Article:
Goal 1: Running onto a rebound from her shot, toe-poking it away from the nearest defender, throwing a fake to make the goalkeeper go to ground, before rounding her and passing it into the empty net.
Goal 2: Running onto a knock-on from a long goal kick, outpacing her marker, and calmly slotting it underneath the keeper.
Goal 3: On the run, lifting a cross with the outside of the back of her right foot, and then smashing a stunning volley off that lob (from an impossible angle) into the roof of the net.
Just by itself, this sounds like a cracking hat trick, doesn’t it? What makes it properly special, though, is that it was scored by an Indian, in Europe. Wait, an Indian footballer scoring a hat trick in a European first-division league?
Say hello to Jyoti Chouhan of Sardapur, Madhya Pradesh and HNK Dinamo Zagreb.
She had done this last season, along with becoming the first Indian to score in a European Cup final that season, and her reward has been a debut call-up to the India squad, this one going to the Asian Games.
What makes it all so fascinating is that Jyoti really oughtn’t have been a footballer in the first place. Growing up – like most women athletes in the nation – the odds were stacked against her.
For one, when she started, none of the girls in her area or her school played the sport. “There was a football ground right behind my house and only boys used to play there. When I started playing football, I used to play with them only, but I got really invested around 4th standard. I liked how the collective worked in the game. So when I got into 5th standard, I convinced the girls in my school, including my sisters Deepika and Payal, and even my cousins to come play so that we could form a school team.”
She may only have got her first pair of boots thanks to the boys team having a surplus, but the small matter of ill-fitting boots wasn’t going to stop her. Her drive soon led that team to be the best in the state. She played in age-group nationals when she was in the 6th standard and all was going well until when her father died a year later.
Even when he was alive, there had been pressure from her extended family to get Jyoti and her sisters to stop playing. That pressure increased manifold later.
“There was even more pressure on mummy,” she says. “Everyone asked her to stop us from playing.” The logic they put forward is something most girl athletes hear as they’re coming up: “They would tell her, ‘Anyway they have to get married off only, what will you get from football.'”
Her mother, though, remained firm. “After papa passed away, mummy did everything,” she says. “So, I gave my all to football. That’s all I had in my head, that I must do well… and silence everyone else.”
And so, she went from the age-group state team to the senior team to professional clubs and now to the national team. It took a chance meeting with a well-wisher for her to learn about club football and how it all works, and she soon moved to Kenkre, and then Mumbai Knights (both Mumbai-based clubs). She played so well there that the Indian women’s football’s juggernaut, Gokulam Kerala, came calling.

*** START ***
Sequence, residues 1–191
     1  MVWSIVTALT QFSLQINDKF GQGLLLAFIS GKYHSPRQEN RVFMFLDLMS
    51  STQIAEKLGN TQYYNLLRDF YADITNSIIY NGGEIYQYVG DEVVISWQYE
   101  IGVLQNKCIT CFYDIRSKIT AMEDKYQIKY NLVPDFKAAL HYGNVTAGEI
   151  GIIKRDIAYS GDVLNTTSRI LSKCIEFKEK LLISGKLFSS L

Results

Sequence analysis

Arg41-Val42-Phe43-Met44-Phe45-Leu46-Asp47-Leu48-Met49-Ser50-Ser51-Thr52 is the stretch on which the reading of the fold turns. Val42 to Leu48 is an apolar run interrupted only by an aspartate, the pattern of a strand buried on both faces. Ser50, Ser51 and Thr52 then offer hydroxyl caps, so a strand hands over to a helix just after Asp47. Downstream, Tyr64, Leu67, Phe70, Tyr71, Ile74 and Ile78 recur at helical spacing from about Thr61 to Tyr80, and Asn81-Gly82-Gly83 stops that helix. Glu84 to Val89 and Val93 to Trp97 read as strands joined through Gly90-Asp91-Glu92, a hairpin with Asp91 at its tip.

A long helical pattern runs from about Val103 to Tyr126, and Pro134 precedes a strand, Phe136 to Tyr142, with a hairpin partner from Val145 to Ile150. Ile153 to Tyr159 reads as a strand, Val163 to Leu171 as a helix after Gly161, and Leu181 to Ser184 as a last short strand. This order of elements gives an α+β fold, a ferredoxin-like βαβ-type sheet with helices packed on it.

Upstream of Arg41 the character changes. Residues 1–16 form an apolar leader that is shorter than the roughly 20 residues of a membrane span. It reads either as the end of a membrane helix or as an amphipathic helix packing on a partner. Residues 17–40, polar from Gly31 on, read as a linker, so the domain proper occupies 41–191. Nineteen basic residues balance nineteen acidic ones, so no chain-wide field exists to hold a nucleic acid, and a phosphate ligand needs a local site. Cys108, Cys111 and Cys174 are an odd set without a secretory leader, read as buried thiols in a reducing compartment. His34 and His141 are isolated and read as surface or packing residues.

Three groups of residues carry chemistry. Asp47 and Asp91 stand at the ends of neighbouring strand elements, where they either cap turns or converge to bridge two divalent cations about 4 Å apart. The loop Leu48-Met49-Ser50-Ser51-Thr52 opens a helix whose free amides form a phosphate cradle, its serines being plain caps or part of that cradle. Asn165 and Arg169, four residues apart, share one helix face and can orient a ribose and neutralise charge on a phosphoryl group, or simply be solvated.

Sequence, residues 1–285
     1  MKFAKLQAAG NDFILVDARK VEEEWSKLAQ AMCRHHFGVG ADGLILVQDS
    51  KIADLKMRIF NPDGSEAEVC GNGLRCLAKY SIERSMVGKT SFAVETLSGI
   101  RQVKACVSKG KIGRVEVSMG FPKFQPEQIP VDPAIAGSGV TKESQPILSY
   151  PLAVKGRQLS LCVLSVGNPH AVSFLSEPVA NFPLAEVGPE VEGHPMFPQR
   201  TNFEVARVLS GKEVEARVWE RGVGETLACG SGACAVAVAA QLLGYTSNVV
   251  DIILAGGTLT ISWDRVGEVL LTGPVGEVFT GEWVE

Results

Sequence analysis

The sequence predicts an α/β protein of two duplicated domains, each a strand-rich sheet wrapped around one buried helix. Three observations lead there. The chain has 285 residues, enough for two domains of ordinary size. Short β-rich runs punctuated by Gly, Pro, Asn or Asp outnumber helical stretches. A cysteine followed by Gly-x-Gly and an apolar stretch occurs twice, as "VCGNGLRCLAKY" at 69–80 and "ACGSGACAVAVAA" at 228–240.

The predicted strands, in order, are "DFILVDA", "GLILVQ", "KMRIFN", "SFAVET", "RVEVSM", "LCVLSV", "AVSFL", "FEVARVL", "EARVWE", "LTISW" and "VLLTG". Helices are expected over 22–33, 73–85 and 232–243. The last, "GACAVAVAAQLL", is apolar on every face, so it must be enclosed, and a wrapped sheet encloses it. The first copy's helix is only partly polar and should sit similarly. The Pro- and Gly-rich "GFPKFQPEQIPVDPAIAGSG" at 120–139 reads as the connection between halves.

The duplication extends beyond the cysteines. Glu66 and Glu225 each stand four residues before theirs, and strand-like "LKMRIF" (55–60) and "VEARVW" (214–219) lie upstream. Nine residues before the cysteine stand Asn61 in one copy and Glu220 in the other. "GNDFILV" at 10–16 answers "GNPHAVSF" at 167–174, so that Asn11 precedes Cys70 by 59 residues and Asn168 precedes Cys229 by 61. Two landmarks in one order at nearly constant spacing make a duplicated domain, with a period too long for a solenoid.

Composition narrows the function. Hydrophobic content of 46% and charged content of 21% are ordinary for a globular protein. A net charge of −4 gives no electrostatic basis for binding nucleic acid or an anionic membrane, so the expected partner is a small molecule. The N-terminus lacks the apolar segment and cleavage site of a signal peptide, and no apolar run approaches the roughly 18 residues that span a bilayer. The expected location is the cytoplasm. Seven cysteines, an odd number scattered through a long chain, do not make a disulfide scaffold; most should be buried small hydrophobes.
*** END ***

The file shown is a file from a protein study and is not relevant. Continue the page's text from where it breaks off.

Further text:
Never exhausted ��
– Gokulam Kerala FC (@GokulamKeralaFC) October 6, 2021
After a superb season with them, Jyoti gave a trial (organized by Women in Sports Forum in association with the AMPL Foundation & Football Players’ Association of India) and was picked by Dinamo Zagreb. Her form there was so unignorable that the Indian squad call-up was but a formality.
If that’s not a measure of the pure steel in her character… “These days when talk of marriage crops up at home,” she says with a big laugh, “Those same people who used to want me to stop say ‘Jyoti ko to khelne do, jab unka mann hoga karegi.’ (Let Jyoti play, she’ll marry when she wants to).”
Jyoti, who had been training in Zagreb with the team since August 11, is one of only two players (Manisha Kalyan, across at Cyprus, being the other) who have been actively playing competitive football in the 22-player Indian squad for the Asian Games. For the others, the month-long Indian Women’s League and another month-long competition, the National Championships, remain the only tournaments they take part in.
For Jyoti, this difference in change of culture had been stark initially. “When I first trained here, I felt horribly unfit, it was pretty difficult [to adjust to the increased intensity],” she says. “There’s five days of training, one day rest and the other day a match.”
“But I adjusted within a month: what helped was that I was able to hold my own on the field, in my first practice match itself. So, I figured if you could stick around with them and train harder with them, I can score lots of goals and do well.”
Her exploits, as well as Manisha’s (who became the first Indian to score in the UEFA Champions League just last week), are proof of the talent in Indian women’s football. The senior statesman of the squad, Bala Devi, recently of Rangers in Scotland, would agree too. They are all now used to the European style of play, which Jyoti explains, “They play on the ground, never an air ball. From defence itself it’s pass-out-of-the-back. No one just hoicks it clear.”
It’s also the little things…as a forward, Jyoti gets no time on the ball (“they are on me before I even get the ball”) so quick decision-making is vital. Manisha and Bala have both spoken about this before.
It’s a standard of football they’ll look to replicate with a women’s squad that’s packed with talents who are very much capable of this. So even though India are drawn in a very tough group, alongside higher ranked teams in Thailand and Chinese Taipei, there’s hope.
For, as Jyoti has shown throughout her career, this is a team filled with individuals who have made a living off punching upwards, breaking ceilings, and upsetting the odds. Jyoti, and her 21 teammates, will be raring to go come September 21.